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Loudspeaker Technology


nOrh Loudspeaker has tried to rethink the way loudspeakers are made. We have examined all elements of the loudspeaker' to determine what can be done to improve the performance. The very first consideration has to be the drivers. Very few loudspeaker companies manufacture their own drivers. If the drivers are not good, then nothing about the design will work. No tuning of the crossover or adjustment to the cabinet can ever compensate for poor driver selection.

As a manufacturer, the most tempting proposition is to try to find the ultimate cheap driver. There are many very good drivers from China and Taiwan that do a remarkably good job. These drivers are unbelievably inexpensive. A driver that offers the same level of performance (on paper) as a $20 European woofer might be available for $3.00. A tweeter that performs (once again on paper) as well as a $15 tweeter can cost as little as $2.00. Many loudspeaker manufacturers can not resist the temptation to put these low-cost drivers into their systems. Remember that the results won't be bad. In fact, the results of some loudspeakers using Chinese and Taiwanese parts are surprisingly good.

We have tested many different drivers and we believe that the few dollars it costs to buy a high quality driver is well worth it. Our nOrh 7.0 uses some of the more expensive drivers available anywhere.

I have seen very expensive loudspeakers using very cheap components.  At nOrh, we will identify what drivers we use in all our products.

Most high end loudspeakers that cost from $600 USD to $2000 USD use mid-priced European drivers from companies like Vifa, Focal, SEAs, Audax or Scanspeak. While they might be five to ten times more expensive than their Taiwanese or Chinese counterparts, the sound that emerges from these drivers is richer and more detailed. Most people would be completely satisfied with mid-priced European drivers.

Few of the most expensive loudspeakers use the absolute best drivers available. Vifa's "top-of-the-line" series is called the performance series. Their 6 1/2 inch performance woofer can produce 35 hz vs. 45 Hz for their middle speaker. Additionally, this woofer simply sounds better. Scanspeak's 15W-8530K00 woofer is the most amazing woofer we have ever seen. This small woofer can produce more bass than much larger woofers. It is also one of the most expensive woofers available. We use this woofer in our nOrh 9.0.

Michael C. Barnes - Designer of nOrh Loudspeakers

I believe that the tweeter is even more important than the woofer. The tweeter is where all the richness of the music is produced. The woofer produces sound up to the frequency you hear through a telephone. The tweeter must take over from there and add all the detail and sheen you expect from a high quality system. Probably no area of sound reproduction has improved more than tweeters. If your loudspeaker is more than five years old, you haven't heard what a modern tweeter is capable of. Unfortunately, like great cars, fine wines and beautiful women, great tweeters aren't cheap.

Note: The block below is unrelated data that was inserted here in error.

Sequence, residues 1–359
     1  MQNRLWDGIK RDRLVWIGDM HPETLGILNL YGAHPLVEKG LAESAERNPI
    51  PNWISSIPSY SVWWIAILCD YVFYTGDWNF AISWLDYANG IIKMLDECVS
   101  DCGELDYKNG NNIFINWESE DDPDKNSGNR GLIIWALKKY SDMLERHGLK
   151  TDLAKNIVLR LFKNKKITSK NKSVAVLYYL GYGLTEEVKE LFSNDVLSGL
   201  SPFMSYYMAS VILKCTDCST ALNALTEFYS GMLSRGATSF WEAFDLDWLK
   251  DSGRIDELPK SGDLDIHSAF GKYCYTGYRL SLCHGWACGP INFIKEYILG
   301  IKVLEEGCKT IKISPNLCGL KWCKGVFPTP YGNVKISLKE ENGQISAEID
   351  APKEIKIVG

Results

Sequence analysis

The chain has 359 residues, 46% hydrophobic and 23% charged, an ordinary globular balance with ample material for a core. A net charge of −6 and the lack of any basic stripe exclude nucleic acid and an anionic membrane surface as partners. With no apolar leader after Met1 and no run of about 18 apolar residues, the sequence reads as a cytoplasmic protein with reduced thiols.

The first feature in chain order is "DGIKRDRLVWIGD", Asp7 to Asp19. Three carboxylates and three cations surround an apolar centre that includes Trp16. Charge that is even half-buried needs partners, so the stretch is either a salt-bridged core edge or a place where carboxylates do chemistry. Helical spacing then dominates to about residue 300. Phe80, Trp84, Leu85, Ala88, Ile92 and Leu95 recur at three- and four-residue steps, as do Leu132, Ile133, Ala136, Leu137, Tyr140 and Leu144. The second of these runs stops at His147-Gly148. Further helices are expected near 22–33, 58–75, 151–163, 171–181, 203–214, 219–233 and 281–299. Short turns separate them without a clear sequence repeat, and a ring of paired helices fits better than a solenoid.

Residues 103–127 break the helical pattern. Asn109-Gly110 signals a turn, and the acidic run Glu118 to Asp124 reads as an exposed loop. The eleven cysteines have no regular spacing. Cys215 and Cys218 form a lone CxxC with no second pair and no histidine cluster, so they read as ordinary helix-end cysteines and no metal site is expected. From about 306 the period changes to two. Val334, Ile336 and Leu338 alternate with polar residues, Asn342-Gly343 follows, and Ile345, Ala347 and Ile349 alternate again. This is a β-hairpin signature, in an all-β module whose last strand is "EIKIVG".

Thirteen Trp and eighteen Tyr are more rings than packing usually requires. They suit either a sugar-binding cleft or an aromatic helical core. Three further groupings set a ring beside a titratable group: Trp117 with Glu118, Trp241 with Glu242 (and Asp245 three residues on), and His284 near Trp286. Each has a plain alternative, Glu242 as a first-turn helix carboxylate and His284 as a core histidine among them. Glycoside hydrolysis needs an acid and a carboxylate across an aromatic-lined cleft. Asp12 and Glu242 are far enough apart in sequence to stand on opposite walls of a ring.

The Cabinet

nOrh 9.0 cabinet

The absolute worst shape for a loudspeaker would be a square. All surfaces would be parallel and equal in distance. Most loudspeakers are rectangles, which are only slightly better than squares. Rectangles still have all parallel sides. Furthermore, each seam or corner is a stress point. Building rectangles, there are two options. Either you brace the loudspeakers as much as possible or you stuff them with some dampening material to reduce the amount of energy trapped inside. Energy that is not damped will try to find a way out of the enclosure (even through the driver itself) or it will reverberate back and forth as all sides are parallel (top-to-bottom, side-to-side).

Beyond driver selection, the next consideration is cabinet. There is much documentation that describes how a loudspeaker will act in a particular cabinet. The worst design would be a cube. A cube has all parallel surfaces and all surfaces are equal. The rectangle is an improvement on the cube but it still suffers from having all parallel surfaces.

Rectangle speakers produce standing waves. Standing waves are the sum of two waves traveling in opposite directions. Imagine that a sound wave is moving towards the wall of a speaker. If the wall is parallel to the driver, then the sound wave is reflected back towards the driver but the reflected sound is out of phase with the initial wave as illustrated on the right.

As the reflected wave travels back, there is a point where the two waves come together. This is called the standing wave. In a box, it is possible for the reflected wave to be reflected back again. This can cause the troughs to be added to one another.

Both our Prism and Drum shapes are designed to allow for no standing waves to be formed inside the cabinet. The Prism shape gives us more flexibility to design floor standing speakers as well as design speakers that have greater internal volume than the drum shape allows. Both shapes enhance the sound of the loudspeaker.

Why do loudspeakers use cabinets shaped like boxes when it is known that this shape creates standing waves? The reason is that the a rectangle is the most efficient use of space. It is easier to accommodate a given volume in a rectangle than it is in any other shape. Producing rectangles also has the least amount of material waste. It is quite easy to design a rectangle loudspeaker that uses ever piece of MDF or wood while other shapes will have material which is not used.

While the shape of a loudspeaker is an area that has been extensively researched, an area that has not been researched is the material a loudspeaker cabinet is made from. The reason this area is not researched is because most people have been very happy to pay very high prices for cabinets that are nothing more than MDF with some sort of veneer. MDF is a good material for building loudspeakers. It doesn't have voids like plywood. It doesn't shrink and grow as natural wood does. Natural wood is nearly impossible to use with box loudspeaker for this reason.

MDF is becoming more and more popular as a wood and plywood alternative. More and more uses are being found for MDF and MDF is being made from many fiber based products that would normally be discarded as waste. We believe MDF is a very good material for building loudspeakers. We simply want people to understand that it is not an expensive material to work with.